British MPs call for parliament vote on ‘hard’ Brexit

Agence France-Presse
British MPs call for parliament vote on ‘hard’ Brexit
(UPDATED) British MPs from all sides call for a parliamentary vote on future ties with the EU and warned hard Brexit was a 'grave danger,' but the government swiftly dismisses the demand

LONDON, United Kingdom (UPDATED) – British MPs from all sides called on Monday, October 10, for a parliamentary vote on future ties with the EU and warned hard Brexit was a “grave danger,” but the government swiftly dismissed the demand.

“We will reject any attempt to undo the referendum result,” Britain’s Brexit minister David Davis said in parliament, amid mounting pressure from former leaders of the two main opposition parties and among his own party’s ranks.

Davis said the mandate for Brexit was “clear, overwhelming and unarguable”, and warned against any attempts to “keep Britain in the European Union by the back door”, but the Conservative MP was met with heckling from opponents.

Calls for a vote came after Prime Minister Theresa May’s government was forced into an embarrassing U-turn on Sunday, October 9, when it backtracked on a proposal for companies to publish lists of foreign employees that caused widespread outrage.

“We do want parliament to debate… most notably whether we remain in the single market,” Anna Soubry, an MP from May’s Conservative Party, told BBC radio.

Soubry said there was a “grave danger” of the government drawing its own conclusions from the result of the referendum about the type of future relationship that Britons wanted with the EU.

“It is not good for our country,” she said.  

‘Parliament must vote’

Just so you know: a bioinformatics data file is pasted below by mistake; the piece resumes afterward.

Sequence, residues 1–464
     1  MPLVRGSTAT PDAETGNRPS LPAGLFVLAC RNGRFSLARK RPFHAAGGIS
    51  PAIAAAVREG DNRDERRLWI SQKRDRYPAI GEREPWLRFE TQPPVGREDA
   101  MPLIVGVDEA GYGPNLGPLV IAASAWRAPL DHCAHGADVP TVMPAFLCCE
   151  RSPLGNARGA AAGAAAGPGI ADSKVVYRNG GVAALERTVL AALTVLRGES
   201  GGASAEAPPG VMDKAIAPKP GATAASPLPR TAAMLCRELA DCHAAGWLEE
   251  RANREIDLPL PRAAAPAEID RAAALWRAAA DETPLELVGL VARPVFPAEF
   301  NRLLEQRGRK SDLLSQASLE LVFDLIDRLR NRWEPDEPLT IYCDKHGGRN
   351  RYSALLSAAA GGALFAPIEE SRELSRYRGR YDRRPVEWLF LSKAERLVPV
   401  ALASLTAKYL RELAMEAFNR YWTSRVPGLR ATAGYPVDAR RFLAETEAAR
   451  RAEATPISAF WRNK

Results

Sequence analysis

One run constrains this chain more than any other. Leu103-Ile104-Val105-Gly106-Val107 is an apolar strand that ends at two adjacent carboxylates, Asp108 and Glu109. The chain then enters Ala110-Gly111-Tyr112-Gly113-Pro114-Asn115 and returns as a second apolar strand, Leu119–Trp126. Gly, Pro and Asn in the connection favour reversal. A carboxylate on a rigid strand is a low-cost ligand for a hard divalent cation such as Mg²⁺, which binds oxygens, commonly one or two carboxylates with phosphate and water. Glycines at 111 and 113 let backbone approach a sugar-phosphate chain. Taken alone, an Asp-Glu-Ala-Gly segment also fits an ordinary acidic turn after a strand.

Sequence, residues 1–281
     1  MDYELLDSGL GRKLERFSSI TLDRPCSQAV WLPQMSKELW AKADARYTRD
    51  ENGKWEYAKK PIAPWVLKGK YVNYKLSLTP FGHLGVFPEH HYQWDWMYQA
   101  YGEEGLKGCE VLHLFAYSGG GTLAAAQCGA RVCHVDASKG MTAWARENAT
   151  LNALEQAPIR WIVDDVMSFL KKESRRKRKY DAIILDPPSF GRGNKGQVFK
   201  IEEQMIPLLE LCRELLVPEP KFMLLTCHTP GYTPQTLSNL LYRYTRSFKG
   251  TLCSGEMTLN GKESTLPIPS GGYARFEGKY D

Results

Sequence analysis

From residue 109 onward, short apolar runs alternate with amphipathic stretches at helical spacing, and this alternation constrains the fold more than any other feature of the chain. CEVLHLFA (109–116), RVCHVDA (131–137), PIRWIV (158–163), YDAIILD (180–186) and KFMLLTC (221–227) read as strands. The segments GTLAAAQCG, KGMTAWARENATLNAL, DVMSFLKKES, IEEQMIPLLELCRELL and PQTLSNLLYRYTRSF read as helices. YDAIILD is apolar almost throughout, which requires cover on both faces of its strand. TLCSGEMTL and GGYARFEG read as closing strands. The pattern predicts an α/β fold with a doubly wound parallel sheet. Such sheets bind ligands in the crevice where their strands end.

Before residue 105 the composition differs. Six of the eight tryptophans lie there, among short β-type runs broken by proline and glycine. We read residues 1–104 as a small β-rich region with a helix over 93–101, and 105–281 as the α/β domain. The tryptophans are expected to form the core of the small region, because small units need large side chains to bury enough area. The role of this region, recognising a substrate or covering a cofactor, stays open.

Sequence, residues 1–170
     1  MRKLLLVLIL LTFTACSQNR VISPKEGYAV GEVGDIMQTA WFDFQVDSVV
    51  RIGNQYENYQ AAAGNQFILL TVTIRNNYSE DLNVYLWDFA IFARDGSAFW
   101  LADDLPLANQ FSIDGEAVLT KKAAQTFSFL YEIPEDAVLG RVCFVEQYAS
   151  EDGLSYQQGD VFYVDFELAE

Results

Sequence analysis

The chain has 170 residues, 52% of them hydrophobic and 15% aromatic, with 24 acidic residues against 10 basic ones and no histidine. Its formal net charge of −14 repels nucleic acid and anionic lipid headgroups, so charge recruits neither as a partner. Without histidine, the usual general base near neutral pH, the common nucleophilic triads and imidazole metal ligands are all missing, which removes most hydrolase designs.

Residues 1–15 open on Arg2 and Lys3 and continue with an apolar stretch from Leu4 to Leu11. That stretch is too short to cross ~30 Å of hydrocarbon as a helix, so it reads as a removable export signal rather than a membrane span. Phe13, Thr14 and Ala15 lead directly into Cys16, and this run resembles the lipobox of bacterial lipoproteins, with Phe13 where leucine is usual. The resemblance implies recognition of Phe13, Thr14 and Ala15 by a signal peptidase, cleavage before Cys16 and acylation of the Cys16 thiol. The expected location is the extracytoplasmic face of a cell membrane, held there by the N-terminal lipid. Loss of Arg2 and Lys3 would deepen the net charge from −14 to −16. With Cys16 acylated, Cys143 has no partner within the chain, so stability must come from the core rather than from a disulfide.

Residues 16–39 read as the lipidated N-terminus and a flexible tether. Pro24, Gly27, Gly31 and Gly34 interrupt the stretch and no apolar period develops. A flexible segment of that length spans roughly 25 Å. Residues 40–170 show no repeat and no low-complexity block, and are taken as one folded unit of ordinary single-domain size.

Former Labour Party leader Ed Miliband said on Twitter: “The PM must get parliamentary consent for her Brexit negotiating position. No referendum mandate for hard Brexit nor a Commons majority”.

“Negotiating secrecy won’t wash as an excuse. The country has a right to know the government’s Brexit strategy and parliament must vote on it,” he said.

Former Liberal Democrat leader Nick Clegg told the Observer newspaper it “would not be remotely acceptable” for cabinet to decide the terms of Brexit without a parliamentary vote.

Experts say a so-called hard Brexit would mean Britain withdrawing entirely from Europe’s single market and negotiating new trade arrangements in order to impose strict immigration controls.

EU leaders have said Britain must accept free movement of people if it wants access to the single market and have warned the negotiations will be tough.

Concern that Britain is heading for hard Brexit dragged the pound down to 31-year lows against the dollar last week and prompted business leaders to call on May to avoid breaking economic ties.

Norway is instead seen as a possible model for “soft” Brexit, where Britain would be out of the EU but would retain strong economic ties, make budget contributions and allow free movement of people.

‘Will of the British people’

A spokesman for May dismissed MPs’ calls for a vote, saying: “Parliament is of course going to debate and scrutinize” the Brexit process as it goes on.

“But having a second vote or a vote as a sort of second guess of the will of the British people is not an acceptable way forward,” the spokesman said.

“We are not going to make running commentaries on what’s going on,” he said, echoing May’s words.

Davis outlined plans in parliament for a so-called Great Repeal Bill – a proposed law that May says will legally help to seal Britain’s departure from the 28-nation bloc.

He said the move, which will be introduced in the next parliamentary session, would “return sovereignty to the institutions of the United Kingdom,” adding: “That’s what people voted for on June 23rd.”

May faces further pressure this week with a High Court legal challenge arguing that there has to be a vote in parliament on whether or not Britain can invoke Article 50, the formal procedure for exit.

The dispute could end up in Britain’s Supreme Court.

The government has argued it has “royal prerogative” – an executive privilege normally applied to foreign policy – to trigger Article 50 without consultation.

May has said she will invoke Article 50 by the end of March, opening an expected two-year negotiation that could see Britain leave the EU in early 2019.

The EU has said formal negotiations cannot start until Article 50 has been invoked but May has embarked on a flurry of diplomacy ahead of a summit with EU leaders in Brussels on October 20-21.

May visited Denmark and the Netherlands on Monday. –

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